The Dow Jones Industrials Average is an index that comprises 30 stocks. Originally founded in 1896, it is now owned by the Dow Jones Company. The Dow Jones Industrials index is price-weighted. While many households follow the Dow Jones Industrials, it is increasingly becoming outdated as many more current indexes are far more representative of the markets.
With remarkable consistency, oil stocks continue to do great on the stock market. Even though spot oil seems to be stuck below $100.00 a barrel, gasoline prices have been going up for the last month, as U.S. refiners use January and February for maintenance shutdowns.
Any way you cut it, oil remains a huge part of our daily lives, and most oil stocks are trading at or very near their all-time record highs. I should qualify that—what I mean is that most big oil stocks are trading right at their highs. Even with the U.S. oil production boom (which is very real), smaller oil stocks just don’t go up in value unless the spot price is doing so as well.
I always love consistency in a stock market investment. Consistent growth in earnings, dividends, and share price is absolutely golden, considering the volatility we get in capital markets. Save for pumping from your own oil well, you can only beat rising gasoline prices by owning a part of the company, and the biggest ones offer some of the best consistency the stock market has to offer.
Consider Chevron Corporation (NYSE/CVX), which is one of the large, integrated oil stocks that are trading at their all-time record highs on the stock market. But the stock isn’t expensive, with a current price-to-earnings (P/E) ratio of 8.7. The company has about $11.00 a share in cash and a price-to-sales ratio of around one. Its long-term stock chart is below:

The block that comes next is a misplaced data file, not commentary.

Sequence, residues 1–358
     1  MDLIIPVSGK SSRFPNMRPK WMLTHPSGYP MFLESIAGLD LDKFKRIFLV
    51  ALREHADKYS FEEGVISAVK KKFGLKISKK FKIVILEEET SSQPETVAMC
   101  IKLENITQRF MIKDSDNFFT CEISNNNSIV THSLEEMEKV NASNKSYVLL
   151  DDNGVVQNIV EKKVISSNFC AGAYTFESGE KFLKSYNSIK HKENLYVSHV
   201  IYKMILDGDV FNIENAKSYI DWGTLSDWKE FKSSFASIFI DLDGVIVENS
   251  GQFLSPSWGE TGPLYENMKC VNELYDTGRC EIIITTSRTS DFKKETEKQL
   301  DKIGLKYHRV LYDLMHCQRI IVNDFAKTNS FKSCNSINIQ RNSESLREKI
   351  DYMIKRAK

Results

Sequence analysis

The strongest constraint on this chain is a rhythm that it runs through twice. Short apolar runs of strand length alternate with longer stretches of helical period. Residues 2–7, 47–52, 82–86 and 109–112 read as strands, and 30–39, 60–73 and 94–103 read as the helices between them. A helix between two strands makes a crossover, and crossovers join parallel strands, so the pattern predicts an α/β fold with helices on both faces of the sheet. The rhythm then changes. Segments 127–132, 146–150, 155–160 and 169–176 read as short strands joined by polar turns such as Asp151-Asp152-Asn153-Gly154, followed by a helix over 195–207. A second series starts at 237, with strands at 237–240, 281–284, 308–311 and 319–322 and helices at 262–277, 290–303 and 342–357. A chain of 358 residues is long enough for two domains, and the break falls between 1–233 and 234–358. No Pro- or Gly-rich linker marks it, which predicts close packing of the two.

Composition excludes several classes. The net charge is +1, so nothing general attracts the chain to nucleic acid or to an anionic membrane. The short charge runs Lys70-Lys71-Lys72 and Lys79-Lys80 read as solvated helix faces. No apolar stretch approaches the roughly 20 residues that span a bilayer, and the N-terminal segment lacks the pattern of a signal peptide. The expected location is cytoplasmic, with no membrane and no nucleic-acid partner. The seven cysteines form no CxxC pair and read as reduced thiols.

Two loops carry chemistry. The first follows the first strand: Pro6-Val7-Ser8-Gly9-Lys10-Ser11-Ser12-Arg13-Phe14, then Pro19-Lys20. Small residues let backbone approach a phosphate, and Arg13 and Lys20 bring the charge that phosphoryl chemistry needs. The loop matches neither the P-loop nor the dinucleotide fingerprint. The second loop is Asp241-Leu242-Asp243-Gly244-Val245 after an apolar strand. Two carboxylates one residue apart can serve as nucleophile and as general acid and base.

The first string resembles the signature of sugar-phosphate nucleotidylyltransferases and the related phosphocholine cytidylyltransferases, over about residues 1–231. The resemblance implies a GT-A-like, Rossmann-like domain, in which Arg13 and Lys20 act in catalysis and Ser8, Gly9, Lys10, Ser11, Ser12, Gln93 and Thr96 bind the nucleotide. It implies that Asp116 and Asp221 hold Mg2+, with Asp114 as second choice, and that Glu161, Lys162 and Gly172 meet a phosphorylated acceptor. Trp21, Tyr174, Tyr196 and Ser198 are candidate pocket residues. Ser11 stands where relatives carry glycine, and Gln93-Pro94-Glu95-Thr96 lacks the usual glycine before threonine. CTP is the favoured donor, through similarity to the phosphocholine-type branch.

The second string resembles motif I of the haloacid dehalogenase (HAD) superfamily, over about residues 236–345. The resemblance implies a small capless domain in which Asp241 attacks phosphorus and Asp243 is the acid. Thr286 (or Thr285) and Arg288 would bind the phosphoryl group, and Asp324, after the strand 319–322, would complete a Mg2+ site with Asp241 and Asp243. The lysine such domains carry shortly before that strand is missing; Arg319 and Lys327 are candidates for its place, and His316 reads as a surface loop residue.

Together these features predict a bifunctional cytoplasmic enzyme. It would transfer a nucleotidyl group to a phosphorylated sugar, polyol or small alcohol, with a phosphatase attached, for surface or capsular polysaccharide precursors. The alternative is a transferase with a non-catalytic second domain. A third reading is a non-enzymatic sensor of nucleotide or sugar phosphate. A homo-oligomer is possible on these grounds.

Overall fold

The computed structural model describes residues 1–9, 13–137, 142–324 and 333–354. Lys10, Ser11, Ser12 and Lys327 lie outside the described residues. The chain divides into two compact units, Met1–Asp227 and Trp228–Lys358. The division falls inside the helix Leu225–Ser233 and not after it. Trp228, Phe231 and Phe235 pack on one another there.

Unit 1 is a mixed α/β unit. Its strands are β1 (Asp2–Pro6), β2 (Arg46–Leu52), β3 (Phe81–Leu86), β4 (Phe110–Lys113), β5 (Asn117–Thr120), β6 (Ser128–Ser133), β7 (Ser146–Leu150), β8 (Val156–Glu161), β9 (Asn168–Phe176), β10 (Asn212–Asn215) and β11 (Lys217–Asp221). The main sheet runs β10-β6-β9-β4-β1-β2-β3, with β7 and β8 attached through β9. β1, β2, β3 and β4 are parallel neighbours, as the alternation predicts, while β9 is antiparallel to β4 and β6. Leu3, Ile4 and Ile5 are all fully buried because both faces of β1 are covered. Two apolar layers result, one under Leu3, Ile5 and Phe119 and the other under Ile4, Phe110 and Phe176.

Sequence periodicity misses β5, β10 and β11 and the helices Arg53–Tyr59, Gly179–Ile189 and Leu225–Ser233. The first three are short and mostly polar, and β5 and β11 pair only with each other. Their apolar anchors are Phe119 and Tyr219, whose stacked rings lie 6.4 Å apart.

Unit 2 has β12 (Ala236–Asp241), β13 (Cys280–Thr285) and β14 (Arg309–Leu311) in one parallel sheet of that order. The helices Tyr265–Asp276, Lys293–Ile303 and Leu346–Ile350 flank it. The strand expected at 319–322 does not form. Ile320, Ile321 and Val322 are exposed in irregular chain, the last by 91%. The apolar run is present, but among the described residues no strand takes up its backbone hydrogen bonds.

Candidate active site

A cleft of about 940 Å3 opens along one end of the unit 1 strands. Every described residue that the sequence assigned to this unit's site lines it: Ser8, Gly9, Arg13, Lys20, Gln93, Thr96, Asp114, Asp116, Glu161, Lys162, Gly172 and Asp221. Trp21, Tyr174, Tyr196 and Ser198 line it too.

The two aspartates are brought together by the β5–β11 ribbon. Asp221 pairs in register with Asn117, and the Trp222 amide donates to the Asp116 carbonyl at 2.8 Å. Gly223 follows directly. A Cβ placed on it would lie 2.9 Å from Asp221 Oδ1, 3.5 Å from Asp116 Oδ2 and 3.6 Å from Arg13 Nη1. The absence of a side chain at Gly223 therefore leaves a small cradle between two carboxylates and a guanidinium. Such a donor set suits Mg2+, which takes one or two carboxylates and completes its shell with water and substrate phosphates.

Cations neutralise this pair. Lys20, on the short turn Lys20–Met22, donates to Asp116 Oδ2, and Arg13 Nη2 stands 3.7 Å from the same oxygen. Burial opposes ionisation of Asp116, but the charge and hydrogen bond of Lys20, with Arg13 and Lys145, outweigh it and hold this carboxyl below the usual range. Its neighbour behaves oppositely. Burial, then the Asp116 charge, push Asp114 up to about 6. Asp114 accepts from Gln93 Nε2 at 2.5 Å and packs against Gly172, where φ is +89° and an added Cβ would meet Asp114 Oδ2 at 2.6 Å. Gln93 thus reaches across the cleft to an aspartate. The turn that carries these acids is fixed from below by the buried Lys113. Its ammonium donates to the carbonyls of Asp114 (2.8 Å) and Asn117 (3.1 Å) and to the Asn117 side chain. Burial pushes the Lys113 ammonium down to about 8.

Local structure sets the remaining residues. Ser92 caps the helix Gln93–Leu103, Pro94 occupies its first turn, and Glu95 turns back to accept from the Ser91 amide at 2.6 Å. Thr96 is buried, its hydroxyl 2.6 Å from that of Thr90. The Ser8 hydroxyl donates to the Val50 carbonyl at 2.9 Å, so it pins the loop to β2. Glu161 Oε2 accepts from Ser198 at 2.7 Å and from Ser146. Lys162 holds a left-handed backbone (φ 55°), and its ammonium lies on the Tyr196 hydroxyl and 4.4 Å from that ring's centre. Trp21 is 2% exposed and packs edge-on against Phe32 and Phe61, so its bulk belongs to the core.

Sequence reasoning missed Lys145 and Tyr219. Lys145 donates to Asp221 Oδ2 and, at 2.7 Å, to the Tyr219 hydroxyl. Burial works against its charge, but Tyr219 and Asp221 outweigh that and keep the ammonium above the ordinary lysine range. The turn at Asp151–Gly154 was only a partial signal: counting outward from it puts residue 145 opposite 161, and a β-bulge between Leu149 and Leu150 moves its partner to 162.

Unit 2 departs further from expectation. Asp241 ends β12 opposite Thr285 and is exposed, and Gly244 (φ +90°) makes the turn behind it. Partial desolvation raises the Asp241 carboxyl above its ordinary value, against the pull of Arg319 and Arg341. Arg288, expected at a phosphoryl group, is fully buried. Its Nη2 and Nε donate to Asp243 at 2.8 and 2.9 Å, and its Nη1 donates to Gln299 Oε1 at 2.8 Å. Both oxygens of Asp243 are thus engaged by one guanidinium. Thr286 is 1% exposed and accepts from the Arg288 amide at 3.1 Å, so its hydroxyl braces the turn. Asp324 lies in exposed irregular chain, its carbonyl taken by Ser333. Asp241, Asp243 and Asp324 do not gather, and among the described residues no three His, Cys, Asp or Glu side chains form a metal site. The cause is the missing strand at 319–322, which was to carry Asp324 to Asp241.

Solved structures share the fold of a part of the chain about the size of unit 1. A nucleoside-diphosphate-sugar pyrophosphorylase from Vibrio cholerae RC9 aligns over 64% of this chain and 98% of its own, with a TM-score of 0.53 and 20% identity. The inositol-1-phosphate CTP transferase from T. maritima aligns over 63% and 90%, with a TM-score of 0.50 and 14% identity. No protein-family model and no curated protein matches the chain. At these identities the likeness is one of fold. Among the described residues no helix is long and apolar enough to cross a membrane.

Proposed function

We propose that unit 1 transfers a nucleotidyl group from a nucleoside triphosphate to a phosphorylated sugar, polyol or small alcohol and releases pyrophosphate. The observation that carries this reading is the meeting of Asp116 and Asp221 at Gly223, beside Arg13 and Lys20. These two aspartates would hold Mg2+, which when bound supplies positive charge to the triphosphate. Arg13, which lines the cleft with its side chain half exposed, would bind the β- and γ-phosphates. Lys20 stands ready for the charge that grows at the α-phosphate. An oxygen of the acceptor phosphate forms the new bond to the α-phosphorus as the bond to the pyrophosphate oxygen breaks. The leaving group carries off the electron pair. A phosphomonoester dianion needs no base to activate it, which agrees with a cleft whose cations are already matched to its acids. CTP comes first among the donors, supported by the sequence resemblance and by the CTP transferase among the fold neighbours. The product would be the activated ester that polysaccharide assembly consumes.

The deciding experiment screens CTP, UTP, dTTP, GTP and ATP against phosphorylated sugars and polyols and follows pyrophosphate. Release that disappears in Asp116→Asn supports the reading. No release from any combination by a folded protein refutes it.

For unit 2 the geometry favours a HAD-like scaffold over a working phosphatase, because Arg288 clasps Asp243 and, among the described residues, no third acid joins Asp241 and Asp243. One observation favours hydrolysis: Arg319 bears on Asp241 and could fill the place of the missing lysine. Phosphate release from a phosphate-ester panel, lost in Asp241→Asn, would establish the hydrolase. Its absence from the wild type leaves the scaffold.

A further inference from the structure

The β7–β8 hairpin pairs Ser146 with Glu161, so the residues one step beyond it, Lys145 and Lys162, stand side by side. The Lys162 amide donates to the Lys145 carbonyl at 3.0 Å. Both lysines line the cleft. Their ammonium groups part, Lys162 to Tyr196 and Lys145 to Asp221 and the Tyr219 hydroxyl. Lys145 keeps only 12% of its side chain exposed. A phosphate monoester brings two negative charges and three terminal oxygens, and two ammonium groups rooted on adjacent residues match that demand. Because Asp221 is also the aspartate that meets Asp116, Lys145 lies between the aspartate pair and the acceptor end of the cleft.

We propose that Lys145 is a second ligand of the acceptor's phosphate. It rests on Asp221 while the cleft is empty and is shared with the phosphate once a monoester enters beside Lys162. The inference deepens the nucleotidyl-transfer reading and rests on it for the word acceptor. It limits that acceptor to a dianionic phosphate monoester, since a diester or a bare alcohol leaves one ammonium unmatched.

Chart courtesy of www.StockCharts.com
Chevron is a member of the Dow Jones Industrials and has an outstanding track record of increasing its quarterly dividends … Read More
The stock market’s recent breakout has legs, and there’s more optimism for the economy and corporate earnings this year. The stock market had a very strong start to the year, with the Dow Jones Industrials leading the way. Transportation stocks have turned strong, and the NASDAQ Composite is moving solidly. Even the price of oil is slowly ticking higher—$100.00 oil is a near-term reality.
There is a renaissance taking place in the domestic U.S. oil and gas business, and there is a ton of money sloshing around in the system. Countless companies are drilling in Montana, North Dakota, and California, along with the traditional regions. There is a glut of natural gas on the market, and low prices are supplanting coal for electricity production. It won’t be long before the U.S. is actually energy independent, especially if natural gas is used in more applications (as T. Boone Pickens advocates). Plus, there’s a lot of oil and gas drilling going on outside of the U.S. market, and the big oil and gas services companies just reported great financial results.
On the stock market, resource investing is always cyclical. Even the fastest growth story (say, an oil producer with new discoveries and a verifiable production forecast) won’t move upward on the stock market without a commensurate move in oil prices. An oil producer not only has to find the commodity and get it to market; it also has to worry about the prices for that commodity, which are set by a marketplace beyond its control. It’s a different business from speculating among technology stocks, for example.
That being said, however, … Read More